Last month's report for April was an estimated gain of 233,000 jobs, but March was only 85,000 additional jobs. It takes over 150,000 additional jobs per month to absorb the growth in the labor force as young workers enter the work force and older workers retire. We can hope that the progress seen in April will continue in May and beyond.
When the jobs report is released on Friday morning, there will be instant analysis on Wall Street and again on the Sunday talk shows. Pundits will discuss the political and economic implications of whatever the outcome turns out to be. As a student of the economy, this is all interesting to me. But sometimes we need to step back from the instant moment to gain perspective. The graph below illustrates my point. more >>
Speaker John Boehner recently made headlines by joining the growing chorus among conservatives on Capitol Hill calling for a "wind down" of the Export-Import Bank of the United States (Ex-Im) – signaling he might be open to a plan by U.S. House Republicans to bring the New Deal-era program of economic cronyism to an end.
The statement came before the April 30 joint Financial Services-Oversight hearing, in which Ex-Im Bank Chairman Fred Hochberg was questioned about the bank's politically motivated international handouts and the 31 ongoing fraud investigations.
Boehner joins a large number of conservative lawmakers calling for the bank's end. House Majority Leader Kevin McCarthy, Majority Whip Steve Scalise and House Ways and Means Committee Chairman Paul Ryan have all expressed their desire to "break the bank," as have six Republican presidential candidates: Senators Ted Cruz and Marco Rubio, and Governors Bobby Jindal, Mike Pence, Scott Walker and former Governor Jeb Bush. more >>
I entered the workforce in the 70s, before the Reagan Revolution, when marginal federal income tax rates on wages still reached as high as 70%. Newly married, we were a two-income household subject to federal income taxes, New York State income taxes, and New York City income taxes. Inflation was rampant, which caused my salary to rise noticeably each year. A little arithmetic confirmed what my paycheck already told me; more than half the increase in my modest, early career income was eaten up by higher taxes.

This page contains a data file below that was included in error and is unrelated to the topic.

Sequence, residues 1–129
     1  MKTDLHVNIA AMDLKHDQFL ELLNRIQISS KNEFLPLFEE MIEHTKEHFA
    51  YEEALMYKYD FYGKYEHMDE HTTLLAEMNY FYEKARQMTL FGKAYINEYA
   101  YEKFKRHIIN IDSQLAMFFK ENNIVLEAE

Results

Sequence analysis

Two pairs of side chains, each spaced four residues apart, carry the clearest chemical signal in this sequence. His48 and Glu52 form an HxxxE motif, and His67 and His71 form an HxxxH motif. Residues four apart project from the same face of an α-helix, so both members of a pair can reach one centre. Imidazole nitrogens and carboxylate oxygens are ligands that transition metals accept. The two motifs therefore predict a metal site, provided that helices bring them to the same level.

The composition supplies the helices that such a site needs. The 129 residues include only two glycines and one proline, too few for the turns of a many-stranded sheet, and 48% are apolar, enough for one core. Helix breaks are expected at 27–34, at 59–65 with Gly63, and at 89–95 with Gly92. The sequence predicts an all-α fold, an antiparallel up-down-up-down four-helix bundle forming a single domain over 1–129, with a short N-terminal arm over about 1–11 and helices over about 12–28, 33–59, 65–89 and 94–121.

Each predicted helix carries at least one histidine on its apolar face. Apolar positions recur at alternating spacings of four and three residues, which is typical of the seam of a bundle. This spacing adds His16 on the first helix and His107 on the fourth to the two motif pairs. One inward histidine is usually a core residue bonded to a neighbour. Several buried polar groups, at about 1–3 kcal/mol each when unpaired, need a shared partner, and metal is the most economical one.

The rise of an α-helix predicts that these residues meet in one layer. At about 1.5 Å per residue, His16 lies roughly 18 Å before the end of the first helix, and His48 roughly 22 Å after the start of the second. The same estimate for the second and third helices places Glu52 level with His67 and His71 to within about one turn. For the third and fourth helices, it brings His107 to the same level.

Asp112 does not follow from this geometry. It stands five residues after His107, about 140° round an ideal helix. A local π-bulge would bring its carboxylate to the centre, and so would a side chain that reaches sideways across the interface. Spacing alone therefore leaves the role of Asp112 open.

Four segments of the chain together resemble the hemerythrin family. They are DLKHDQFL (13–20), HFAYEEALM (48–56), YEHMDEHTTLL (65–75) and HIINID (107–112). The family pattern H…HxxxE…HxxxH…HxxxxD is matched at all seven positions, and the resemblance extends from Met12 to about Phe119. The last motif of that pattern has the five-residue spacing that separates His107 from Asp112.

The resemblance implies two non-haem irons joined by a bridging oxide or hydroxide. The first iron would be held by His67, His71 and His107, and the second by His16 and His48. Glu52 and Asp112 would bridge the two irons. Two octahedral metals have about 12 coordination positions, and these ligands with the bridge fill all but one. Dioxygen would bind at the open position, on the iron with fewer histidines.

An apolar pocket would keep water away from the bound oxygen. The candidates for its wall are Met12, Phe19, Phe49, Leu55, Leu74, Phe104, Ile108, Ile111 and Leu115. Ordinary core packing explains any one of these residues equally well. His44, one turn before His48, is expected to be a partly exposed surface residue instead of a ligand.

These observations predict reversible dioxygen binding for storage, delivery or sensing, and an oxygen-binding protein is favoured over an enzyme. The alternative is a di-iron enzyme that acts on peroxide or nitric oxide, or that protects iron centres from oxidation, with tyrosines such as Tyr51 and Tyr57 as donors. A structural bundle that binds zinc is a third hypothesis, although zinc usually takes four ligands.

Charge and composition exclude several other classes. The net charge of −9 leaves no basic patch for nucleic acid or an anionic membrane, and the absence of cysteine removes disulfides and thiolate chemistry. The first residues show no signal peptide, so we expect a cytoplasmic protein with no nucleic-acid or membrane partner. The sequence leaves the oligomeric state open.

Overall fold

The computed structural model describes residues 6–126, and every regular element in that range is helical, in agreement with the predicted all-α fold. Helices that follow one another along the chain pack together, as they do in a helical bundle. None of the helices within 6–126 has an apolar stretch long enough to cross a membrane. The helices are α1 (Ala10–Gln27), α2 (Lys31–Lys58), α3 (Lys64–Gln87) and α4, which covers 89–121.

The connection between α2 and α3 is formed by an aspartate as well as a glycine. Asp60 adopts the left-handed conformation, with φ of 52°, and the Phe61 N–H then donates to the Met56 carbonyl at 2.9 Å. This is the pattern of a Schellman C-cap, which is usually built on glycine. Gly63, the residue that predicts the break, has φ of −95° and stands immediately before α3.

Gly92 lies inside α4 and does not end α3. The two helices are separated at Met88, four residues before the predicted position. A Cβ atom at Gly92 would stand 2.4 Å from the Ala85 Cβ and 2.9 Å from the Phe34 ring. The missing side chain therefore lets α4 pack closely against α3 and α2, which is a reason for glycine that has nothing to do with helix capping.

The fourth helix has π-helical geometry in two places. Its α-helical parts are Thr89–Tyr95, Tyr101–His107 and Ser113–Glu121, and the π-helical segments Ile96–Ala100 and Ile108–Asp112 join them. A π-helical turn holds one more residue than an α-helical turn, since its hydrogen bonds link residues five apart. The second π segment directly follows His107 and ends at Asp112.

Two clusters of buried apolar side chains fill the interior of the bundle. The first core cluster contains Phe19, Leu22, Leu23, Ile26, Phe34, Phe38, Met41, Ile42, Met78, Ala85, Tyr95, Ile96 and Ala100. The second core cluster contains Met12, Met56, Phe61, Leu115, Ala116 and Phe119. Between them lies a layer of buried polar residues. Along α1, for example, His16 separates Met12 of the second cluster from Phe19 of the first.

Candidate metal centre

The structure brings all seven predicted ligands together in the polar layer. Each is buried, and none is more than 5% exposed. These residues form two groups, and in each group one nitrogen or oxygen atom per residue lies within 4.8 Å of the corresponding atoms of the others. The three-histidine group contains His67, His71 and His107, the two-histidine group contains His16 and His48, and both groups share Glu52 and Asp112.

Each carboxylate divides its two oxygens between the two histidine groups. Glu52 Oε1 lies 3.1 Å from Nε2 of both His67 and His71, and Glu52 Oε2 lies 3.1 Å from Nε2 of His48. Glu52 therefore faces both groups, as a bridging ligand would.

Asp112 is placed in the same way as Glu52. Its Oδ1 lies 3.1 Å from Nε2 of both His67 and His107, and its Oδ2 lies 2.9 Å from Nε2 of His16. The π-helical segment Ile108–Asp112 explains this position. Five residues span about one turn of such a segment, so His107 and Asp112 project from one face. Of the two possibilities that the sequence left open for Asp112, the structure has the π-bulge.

This is not another complaint about too high taxes or a grasping government (well, maybe just a little complaint). I bring up my good fortune to pay high marginal tax rates for my entire working life to make a point. Long ago, and for every year since that first epiphany, I have thought that I would feel a whole lot better about paying taxes if only I had some influence in how my money was spent. Maybe you've had the same thought. Wouldn't you like to have a say in how your hard-earned dollars get used, instead of seeing your money swept away each paycheck into that black hole of taxes known as Washington, DC?
Our largest expenditure each year, by far, is the share of earnings that goes to our national government. Like me, you probably carefully consider how to spend each available dollar left over after taxes. But not a peep is allowed from us mere taxpayers about how to spend the money we have to pay to Washington. Give a donation to a charity, and you will get back a nice note of thanks. Give as much to a charity as you pay to Washington, and you will get even greater expressions of appreciation. But even though you may pay a quarter or a third of your earnings to Washington, don't expect a thank you note from your government for the "contribution" you made to society this past year. Instead, powerful politicians with a sincere and straight face claim that some (you?, me?) are not paying their "fair share". Apparently, the 45.7% share of the total individual tax burden that is paid by the top 1% of taxpayers is still not a "fair share". more >>